[1]: By all accounts, the Federal government had no contingency plans for a "Yes" victory. IOTL, some aspects of it would later be decided by the Supreme Court and the Clarity Act, but these were done with an eye to future referendums, and we cannot infer with certainty that the same conclusions would have been reached in a scenario where Québec has already voted for sovereignty.

It is important to note that critically important questions, like "How large would the yes-voting majority have to be?" or "Can Québec unilaterally secede in the first place?" were not settled at the time, and to this day have never been settled definitively. The Clarity Act of 2000 decided that a "clear majority" would be necessary for sovereignty negotiations to even begin, but the Act explicitly left the definition of "clear majority" to the Supreme Court's discretion.

[2]: Our POD. IOTL, the 1995 referendum was decided by less than 2% of the vote. Even a small change could have tipped the scales, and ITTL, it does.
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Update 1

-The Globe and Mail, October 31st, 1995



Jean Pelletier[1] slapped down his morning paper.

"How could this happen?" asked the Prime Minister, hunched over his desk.​

The rest of the PM's staff sat quietly in their chairs, some hanging their heads in shock.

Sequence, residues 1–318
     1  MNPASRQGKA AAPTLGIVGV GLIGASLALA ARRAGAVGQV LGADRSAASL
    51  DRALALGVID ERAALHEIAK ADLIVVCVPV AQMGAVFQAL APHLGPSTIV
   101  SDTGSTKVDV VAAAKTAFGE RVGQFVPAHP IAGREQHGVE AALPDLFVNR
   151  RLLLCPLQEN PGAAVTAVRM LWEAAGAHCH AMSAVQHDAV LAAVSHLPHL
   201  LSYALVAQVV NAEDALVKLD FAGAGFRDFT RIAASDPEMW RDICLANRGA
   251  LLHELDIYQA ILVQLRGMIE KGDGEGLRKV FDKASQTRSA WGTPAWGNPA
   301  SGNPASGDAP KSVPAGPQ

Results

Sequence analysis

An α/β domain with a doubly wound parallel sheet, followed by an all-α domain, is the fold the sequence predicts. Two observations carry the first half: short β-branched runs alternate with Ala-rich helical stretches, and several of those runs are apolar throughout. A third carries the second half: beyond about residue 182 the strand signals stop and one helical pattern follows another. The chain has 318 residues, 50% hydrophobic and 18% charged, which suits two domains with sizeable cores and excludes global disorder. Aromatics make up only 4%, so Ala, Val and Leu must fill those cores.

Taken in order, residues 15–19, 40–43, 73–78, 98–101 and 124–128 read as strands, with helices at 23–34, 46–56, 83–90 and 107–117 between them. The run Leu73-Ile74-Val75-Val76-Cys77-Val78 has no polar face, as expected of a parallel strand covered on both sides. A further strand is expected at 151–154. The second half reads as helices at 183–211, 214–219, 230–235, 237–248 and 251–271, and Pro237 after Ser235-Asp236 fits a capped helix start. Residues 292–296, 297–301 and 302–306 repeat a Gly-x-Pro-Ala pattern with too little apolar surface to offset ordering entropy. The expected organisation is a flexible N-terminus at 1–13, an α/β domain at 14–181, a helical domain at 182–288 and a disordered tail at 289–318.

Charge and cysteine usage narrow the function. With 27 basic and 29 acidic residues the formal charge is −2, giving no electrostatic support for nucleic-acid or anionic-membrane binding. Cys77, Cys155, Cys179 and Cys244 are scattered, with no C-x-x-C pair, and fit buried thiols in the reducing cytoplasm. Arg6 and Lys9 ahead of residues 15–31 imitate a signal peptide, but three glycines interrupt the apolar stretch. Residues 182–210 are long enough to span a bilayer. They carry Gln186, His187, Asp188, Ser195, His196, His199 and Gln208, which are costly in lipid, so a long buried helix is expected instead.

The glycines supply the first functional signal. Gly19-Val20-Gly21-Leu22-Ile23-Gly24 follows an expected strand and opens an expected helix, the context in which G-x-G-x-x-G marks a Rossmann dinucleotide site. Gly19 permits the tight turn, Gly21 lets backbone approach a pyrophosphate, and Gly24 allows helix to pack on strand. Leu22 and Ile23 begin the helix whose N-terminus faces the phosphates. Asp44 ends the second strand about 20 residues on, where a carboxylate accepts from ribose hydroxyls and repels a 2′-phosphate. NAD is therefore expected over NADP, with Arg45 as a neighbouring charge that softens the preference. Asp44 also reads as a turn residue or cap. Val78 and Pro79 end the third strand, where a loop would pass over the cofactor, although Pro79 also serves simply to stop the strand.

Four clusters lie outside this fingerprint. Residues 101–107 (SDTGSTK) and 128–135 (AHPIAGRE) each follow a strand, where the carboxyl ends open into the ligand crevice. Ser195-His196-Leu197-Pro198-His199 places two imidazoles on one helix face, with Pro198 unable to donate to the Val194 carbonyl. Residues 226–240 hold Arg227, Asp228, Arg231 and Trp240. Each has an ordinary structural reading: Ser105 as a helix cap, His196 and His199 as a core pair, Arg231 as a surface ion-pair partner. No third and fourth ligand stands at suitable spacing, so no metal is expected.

"It was just too close," Pelletier replied. "If they think we're just going to let them go, just like that, they're crazy."

"That's what they've always been after," Chrétien replied, "They always thought we would just roll over."

"We need to release an official statement," said Pelletier.

"Saying what? We tell them to fuck off?" Chrétien replied, trying to lighten the mood.

"Our approach needs to be totally non-committal. If we oppose them too harshly, they'll raise their defenses. We tell them that the legitimacy of the referendum still needs to be determined, that it needs to be decided by the Supreme Court."

"I agree 100%," said the Prime Minister, "but we shouldn't just stall for the sake of stalling. We need to go on the offensive with this, just hoping for the best has already failed us."

"Have you got something in mind?" asked Pelletier.

"The constitutionality of seceding is still in question. So, we answer the question," Chrétien said.

"Are you talking about a full-blown amendment? We'd risk another Meech Lake!" replied Pelletier.

"Not if Quebec isn't at the meeting table."

"We can't just not invite them, that would galvanize the separatists even more!"

"You actually think Parizeau would accept the invitation?" Chrétien said, smiling, "That would mean acknowledging that he's still subservient to the federal government."​

A smile slowly crept across Pelletier's face.